MALAWI: IFC InfraVentures invests in Mpatamanga hydroelectric project

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MALAWI: IFC InfraVentures invests in Mpatamanga hydroelectric project©Pierluigi.Palazzi/Shutterstock

The Government of Malawi has recently signed a partnership agreement with IFC InfraVentures, an investment fund of the World Bank Group. The partnership concerns the development of the Mpatamanga hydroelectric project in southern Malawi.

A new partner is integrating the Mpatamanga hydroelectric project in southern Malawi. A development agreement for the project has recently been signed between the government and IFC InfraVentures, a $150 million fund created by the World Bank Group to support bankable projects in developing countries. From now on, the financial institution will participate in all decisions relating to the development of the hydroelectric project.

The project is also supported by SN Power, a company based in Oslo, Norway, and Power Africa, a company that invests in numerous energy projects in Africa, as well as the International Finance Corporation (IFC). IFC InfraVentures’ first participation in a management decision for the Mpatamanga hydroelectric project will be in the choice of the company to carry out the project.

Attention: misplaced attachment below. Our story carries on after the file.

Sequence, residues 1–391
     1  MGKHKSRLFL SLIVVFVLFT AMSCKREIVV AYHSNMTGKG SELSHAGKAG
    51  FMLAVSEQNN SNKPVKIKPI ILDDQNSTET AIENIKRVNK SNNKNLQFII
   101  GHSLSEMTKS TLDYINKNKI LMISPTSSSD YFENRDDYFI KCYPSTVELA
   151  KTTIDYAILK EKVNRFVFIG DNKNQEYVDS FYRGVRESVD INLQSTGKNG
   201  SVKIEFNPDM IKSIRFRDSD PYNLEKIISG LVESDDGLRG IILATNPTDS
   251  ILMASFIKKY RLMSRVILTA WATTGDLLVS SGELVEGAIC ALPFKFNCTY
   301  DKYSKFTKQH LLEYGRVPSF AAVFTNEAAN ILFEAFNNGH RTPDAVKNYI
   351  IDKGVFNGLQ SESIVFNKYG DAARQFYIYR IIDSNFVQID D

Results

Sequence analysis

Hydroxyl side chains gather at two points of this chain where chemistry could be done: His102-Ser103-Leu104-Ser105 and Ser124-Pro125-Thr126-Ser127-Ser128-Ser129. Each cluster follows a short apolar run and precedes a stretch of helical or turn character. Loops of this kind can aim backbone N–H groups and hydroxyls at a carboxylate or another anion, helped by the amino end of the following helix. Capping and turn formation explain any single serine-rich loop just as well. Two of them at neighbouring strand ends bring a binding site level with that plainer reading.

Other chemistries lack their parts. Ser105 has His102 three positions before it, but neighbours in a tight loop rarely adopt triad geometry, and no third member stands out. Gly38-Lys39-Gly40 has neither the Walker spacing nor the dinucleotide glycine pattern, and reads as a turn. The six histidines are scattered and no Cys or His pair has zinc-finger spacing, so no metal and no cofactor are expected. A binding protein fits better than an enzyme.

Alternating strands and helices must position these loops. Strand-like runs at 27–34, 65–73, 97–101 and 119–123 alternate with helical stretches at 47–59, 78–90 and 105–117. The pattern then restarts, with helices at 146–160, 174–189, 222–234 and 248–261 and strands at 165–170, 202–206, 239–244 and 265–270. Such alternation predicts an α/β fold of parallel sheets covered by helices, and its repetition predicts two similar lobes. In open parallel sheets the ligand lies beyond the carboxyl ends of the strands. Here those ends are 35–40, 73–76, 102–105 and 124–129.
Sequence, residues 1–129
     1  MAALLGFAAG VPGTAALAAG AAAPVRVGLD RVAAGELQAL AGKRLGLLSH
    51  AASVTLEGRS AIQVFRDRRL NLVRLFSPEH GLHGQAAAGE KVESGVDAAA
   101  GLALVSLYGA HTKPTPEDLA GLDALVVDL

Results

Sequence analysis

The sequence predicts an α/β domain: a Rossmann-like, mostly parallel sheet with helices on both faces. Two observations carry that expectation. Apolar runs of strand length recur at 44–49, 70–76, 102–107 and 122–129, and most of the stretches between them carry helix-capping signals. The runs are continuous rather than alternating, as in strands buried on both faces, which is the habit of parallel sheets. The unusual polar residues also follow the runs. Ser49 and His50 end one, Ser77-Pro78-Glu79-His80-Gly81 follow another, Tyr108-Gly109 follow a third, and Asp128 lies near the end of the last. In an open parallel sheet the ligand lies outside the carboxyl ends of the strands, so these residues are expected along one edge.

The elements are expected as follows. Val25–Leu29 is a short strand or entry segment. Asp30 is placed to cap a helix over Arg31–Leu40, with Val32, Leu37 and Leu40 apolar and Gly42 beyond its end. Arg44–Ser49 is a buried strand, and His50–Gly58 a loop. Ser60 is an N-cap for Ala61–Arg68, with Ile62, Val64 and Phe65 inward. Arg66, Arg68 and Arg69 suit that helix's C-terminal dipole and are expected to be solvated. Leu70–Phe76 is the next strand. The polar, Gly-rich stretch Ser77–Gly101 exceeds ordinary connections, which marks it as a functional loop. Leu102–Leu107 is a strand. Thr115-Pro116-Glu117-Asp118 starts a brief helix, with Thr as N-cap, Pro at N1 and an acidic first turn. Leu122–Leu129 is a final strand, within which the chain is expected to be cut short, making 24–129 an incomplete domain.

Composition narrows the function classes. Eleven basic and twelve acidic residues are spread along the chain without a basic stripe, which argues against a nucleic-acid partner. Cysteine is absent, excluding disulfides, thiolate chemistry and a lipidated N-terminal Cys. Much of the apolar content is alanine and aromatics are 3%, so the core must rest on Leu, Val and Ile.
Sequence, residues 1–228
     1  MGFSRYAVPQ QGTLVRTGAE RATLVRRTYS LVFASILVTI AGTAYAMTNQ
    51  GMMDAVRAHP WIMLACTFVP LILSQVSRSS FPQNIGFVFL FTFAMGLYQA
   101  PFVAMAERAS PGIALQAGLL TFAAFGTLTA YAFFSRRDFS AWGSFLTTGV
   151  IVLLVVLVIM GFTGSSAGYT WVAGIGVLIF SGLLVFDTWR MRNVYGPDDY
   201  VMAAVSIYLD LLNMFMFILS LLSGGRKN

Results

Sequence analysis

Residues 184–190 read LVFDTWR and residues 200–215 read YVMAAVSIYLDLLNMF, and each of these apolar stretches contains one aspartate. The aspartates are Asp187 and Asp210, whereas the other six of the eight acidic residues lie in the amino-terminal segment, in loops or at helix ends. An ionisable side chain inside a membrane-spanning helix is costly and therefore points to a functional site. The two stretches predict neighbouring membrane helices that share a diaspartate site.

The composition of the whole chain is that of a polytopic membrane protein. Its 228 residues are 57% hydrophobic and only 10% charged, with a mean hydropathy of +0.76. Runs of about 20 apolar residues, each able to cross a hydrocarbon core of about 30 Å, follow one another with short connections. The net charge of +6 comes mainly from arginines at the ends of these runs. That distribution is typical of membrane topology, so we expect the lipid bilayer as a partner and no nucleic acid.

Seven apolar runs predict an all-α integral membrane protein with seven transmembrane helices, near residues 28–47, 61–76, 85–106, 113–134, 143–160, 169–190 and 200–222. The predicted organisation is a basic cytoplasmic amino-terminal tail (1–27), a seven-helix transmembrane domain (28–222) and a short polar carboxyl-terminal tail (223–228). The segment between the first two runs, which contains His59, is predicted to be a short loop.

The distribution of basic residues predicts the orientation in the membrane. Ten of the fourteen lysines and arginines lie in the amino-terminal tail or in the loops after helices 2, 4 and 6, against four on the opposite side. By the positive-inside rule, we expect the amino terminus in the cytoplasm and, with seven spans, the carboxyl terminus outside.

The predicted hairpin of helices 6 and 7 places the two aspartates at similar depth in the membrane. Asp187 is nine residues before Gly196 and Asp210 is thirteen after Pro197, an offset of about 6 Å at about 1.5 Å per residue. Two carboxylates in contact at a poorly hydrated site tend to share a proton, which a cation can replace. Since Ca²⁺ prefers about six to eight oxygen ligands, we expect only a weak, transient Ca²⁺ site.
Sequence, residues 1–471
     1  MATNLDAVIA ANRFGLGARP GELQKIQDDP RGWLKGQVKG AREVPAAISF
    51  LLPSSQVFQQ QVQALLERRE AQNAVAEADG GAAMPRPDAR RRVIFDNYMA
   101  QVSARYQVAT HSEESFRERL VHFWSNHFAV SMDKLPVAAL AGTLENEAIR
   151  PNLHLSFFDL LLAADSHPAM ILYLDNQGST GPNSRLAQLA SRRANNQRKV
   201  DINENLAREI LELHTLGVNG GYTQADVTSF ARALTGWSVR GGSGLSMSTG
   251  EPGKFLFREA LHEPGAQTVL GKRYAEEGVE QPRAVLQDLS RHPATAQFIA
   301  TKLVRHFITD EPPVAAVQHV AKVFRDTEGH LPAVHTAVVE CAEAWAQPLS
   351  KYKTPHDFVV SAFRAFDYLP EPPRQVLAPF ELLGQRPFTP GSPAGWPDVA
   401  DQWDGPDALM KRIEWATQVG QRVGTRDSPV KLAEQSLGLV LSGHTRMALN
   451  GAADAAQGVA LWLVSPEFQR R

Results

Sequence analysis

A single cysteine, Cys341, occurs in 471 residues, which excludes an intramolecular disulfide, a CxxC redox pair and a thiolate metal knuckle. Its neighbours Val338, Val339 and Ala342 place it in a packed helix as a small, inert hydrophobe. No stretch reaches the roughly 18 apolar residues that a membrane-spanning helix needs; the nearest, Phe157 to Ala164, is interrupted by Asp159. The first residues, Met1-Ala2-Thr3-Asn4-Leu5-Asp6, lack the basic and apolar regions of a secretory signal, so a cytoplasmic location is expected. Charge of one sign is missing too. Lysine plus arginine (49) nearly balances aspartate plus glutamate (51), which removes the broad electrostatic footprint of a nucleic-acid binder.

A capacity of 258 MW

Funded by the World Bank, the Environmental and Social Impact Assessment (ESIA) and Feasibility Study for the Mpatamanga hydroelectric project have been carried out since 2017. A call for tenders for the project was also launched by the Government of Malawi a few months ago. The next step is therefore the choice of the project manager.

The dam will be built on the Shire River in Blantyre District, downstream of the Nkhula A HPP & Nkhula B hydroelectric dam (100 MW), the Tedzani hydroelectric dam (110.7 MW) and upstream of the Kapichira hydroelectric dam (128 MW). According to the Malawian government, the future Mpatamanga dam will be different from all other dams in the country.

The water reservoir will have a large reservoir. Electricity Generation Company Malawi (Egenco), the parastatal company that transports and distributes electricity, is considering taking part of the water from the reservoir to boost the capacity of the Kapichira hydroelectric plant. An irrigation plan will also be developed from this future reservoir.

Jean Marie Takouleu


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